Tears on Our Steers

Your portrayal of Governor Perry is totally insulting. Whether you agree or disagree with his politics, he is the governor of our great state and, as such, deserves a measure of respect.

Jo Snoddy

Shame on TEXAS MONTHLY for using a caricature drawn by some green-behind-the-ears illustrator from Massachusetts who obviously should have been kept in detention. The finger of choice for the reminder string was not an accident and is very offensive. 

Jerry W. McCorkle

It was only a handful of months ago that TEXAS MONTHLY was scolding Yankees not to underestimate Rick Perry. I thank you for turning the corner with your Bum Steer cover. In the future I would recommend a bit more consideration before lending credence to someone who has done so much to undermine Texas’s middle class and educational system and who substitutes prayer for public policy.

Craig Primozich

The next time Anita tells Rick that God is calling for him to run for president, Rick needs to ask Anita to see if she can get it in writing.

Russell Harding

Regarding the final Bum Steer of 2011—“Yes, I’m Looking for Section ‘B,’ Row ‘Um Steer’ ”—I don’t know if it was your intention to lay the Bum Steer on the Arlington Fire Department for closing off access to Super Bowl seats, but that’s certainly how it came across. The real Bum Steer in this situation lies elsewhere. Perhaps with Jerry Jones or the stadium management? Perhaps with the NFL or the Super Bowl committee that approved the temporary seats? Perhaps with the folks who bought those seats from scalpers? To my mind, the AFD was probably the only one on the ball in that fiasco, since, had people been hurt or killed, those headlines would have been significantly different. How about lauding the AFD as good people just doing their jobs or heroic public servants saving the day? 

John Boehringer

Justice for All

I have spent a considerable amount of time in my life fighting crime, serving in many different capacities at the state level, including chairing the Texas Department of Criminal Justice, and at the local level. I continue to do so as the chairman of Safer Dallas Better Dallas.

In a word, Pamela Colloff’s article “Hannah and Andrew” made me sick [January 2012]. Too much is too much. I had my name taken off the death row unit in Livingston because I feared that some of the people we were killing were innocent. The fact that there have been 21 people exonerated from Dallas alone seems to substantiate my feelings.

The story about Hannah Overton and Andrew Burd demonstrated the abuse and lack of fairness by prosecutors in many locations throughout Texas. I want all guilty parties to pay for crimes, but putting innocent people in prison by hiding facts and manipulation is criminal. This state needs to pass emergency legislation that provides for prosecution of district attorneys and their aides who hide exculpatory evidence and send innocent people to prison. There is no greater sin to your fellow man. We must stop this atrocity. Until the State of Texas provides for the criminalization of inappropriate and illegal activities of prosecutors, this problem will persist. 

Charles T. Terrell

I don’t know if “Sketchy Characters,” by John Spong, and “Hannah and Andrew,” by Pamela Colloff, were published in the same issue purposely to draw a vivid contrast between how the criminal court functions for the rich versus the poor, but that was the net effect. Gary Myrick’s courtroom drawings were fascinating, but I noticed that in all but one case his “celebrity” subjects went free or nearly free. Famous lawyer Richard “Racehorse” Haynes was cited as the defense lawyer in most of the cases illustrated. Myrick comments that “trials aren’t a search for the truth. They’re a search for who puts on the best show.” And the best shows cost a lot of money to produce.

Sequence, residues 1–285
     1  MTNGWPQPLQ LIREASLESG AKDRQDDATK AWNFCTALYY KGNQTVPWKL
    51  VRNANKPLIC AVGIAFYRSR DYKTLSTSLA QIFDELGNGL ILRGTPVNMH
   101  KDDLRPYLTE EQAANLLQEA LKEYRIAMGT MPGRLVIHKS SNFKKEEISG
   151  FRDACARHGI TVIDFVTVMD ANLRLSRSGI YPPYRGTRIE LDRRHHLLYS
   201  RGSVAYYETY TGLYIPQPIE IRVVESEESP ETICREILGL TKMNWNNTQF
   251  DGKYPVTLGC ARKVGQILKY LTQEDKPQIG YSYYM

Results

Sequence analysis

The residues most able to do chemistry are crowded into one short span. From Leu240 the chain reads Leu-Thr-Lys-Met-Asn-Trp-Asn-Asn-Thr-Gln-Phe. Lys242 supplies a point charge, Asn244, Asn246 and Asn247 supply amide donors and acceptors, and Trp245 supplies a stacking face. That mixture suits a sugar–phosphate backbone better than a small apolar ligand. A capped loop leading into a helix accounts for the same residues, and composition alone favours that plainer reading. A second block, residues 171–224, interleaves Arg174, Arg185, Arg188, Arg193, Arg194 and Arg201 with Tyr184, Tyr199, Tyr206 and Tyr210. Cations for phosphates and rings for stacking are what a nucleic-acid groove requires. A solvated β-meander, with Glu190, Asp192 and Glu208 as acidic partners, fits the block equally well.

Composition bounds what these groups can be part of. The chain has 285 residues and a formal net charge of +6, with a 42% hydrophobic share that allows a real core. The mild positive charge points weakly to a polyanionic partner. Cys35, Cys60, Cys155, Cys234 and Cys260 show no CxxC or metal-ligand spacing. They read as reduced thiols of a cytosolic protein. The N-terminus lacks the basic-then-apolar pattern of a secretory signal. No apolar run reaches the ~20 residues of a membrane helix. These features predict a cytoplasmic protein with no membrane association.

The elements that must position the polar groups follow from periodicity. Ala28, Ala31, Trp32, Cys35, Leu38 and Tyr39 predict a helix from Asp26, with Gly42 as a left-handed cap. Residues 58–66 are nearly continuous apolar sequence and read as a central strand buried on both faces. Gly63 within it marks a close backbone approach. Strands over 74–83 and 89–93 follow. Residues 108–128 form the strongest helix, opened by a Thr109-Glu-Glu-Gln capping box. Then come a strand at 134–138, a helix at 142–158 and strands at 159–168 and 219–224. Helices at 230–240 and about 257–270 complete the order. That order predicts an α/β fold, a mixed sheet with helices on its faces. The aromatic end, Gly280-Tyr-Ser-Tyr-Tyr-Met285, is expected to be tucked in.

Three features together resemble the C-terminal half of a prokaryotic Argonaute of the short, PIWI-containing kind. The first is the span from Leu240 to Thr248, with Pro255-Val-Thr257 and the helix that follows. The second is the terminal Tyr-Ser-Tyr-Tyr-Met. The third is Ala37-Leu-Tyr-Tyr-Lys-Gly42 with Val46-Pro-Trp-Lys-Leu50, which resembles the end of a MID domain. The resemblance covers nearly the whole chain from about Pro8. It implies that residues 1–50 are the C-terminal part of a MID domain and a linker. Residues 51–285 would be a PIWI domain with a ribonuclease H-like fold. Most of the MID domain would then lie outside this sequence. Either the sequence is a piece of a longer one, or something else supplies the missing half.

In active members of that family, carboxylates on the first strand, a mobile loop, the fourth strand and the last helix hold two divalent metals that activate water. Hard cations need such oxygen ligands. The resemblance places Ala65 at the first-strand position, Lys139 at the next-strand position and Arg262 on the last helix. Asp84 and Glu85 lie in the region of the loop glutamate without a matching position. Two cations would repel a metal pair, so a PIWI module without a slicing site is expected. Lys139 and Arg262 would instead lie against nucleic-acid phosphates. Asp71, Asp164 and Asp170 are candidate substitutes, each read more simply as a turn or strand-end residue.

By contrast, the story of Hannah Overton is about a family of scant resources without the benefit of good/expensive legal counsel. Even the judge thought that capital murder was an inappropriately harsh charge against her. Exculpatory evidence recently discovered that had reportedly been suppressed at trial seems irrelevant. Capital murder! Life without parole! Throw away the key! Next!

Justice is expensive, not blind. Mortgage your house, sell a kidney, do whatever it takes to get a good lawyer, because once you get sucked into our vast prison system, your chance for justice has passed. You become one in a sea of self-proclaimed innocents on the inside, and you’re no longer heard nor seen. Maybe, just maybe, you’ll be featured in an article in a major publication, like TEXAS MONTHLY, that will result in public outrage or maybe embarrassment for a few important people and that will move the cogs of justice a notch. That notch will make all the difference.

Valerie Asensio
Dripping Springs

Overton is being punished for the gaps and failures in our system, which deals with thousands of foster children annually, many of them suffering from syndromes and behavioral issues that are organic or the result of early maltreatment or lack of care. Overton is serving time not for what she did or failed to do but because she became a scapegoat for our society’s failure to address the needs of babies and children who require extra care and treatment.

If Governor Perry is looking for a means to prove his capacity, he will grant a pardon to Overton. He will also spearhead an investigation into the errors and omissions that characterized the trial. Despite so-called advances in social justice, technology, communications, and procedure, a witch hunt still looks and smells just like it did back in the 1700’s.

Mary E. Wambach
Corpus Christi

Editors’ Note: On February 8, the Texas Court of Criminal Appeals ordered the trial court to reexamine Overton’s claims of innocence. An evidentiary hearing is due to be held within ninety days of this ruling.